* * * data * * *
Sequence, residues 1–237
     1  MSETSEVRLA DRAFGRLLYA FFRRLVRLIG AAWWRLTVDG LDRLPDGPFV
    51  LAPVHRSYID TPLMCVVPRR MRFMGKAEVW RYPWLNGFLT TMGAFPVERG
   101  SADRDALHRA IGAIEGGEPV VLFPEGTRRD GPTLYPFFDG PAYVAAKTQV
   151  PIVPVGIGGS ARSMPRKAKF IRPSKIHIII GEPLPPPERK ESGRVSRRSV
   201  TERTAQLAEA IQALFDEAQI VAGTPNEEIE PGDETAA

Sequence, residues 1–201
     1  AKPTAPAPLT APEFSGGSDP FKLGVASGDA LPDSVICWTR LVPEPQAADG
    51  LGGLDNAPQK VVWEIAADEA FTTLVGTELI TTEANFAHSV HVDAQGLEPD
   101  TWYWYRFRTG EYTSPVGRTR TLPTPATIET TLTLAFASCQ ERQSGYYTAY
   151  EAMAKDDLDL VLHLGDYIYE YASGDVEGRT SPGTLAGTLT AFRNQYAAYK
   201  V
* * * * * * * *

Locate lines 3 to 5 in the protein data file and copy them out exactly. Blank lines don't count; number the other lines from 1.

    51  LAPVHRSYID TPLMCVVPRR MRFMGKAEVW RYPWLNGFLT TMGAFPVERG
   101  SADRDALHRA IGAIEGGEPV VLFPEGTRRD GPTLYPFFDG PAYVAAKTQV
   151  PIVPVGIGGS ARSMPRKAKF IRPSKIHIII GEPLPPPERK ESGRVSRRSV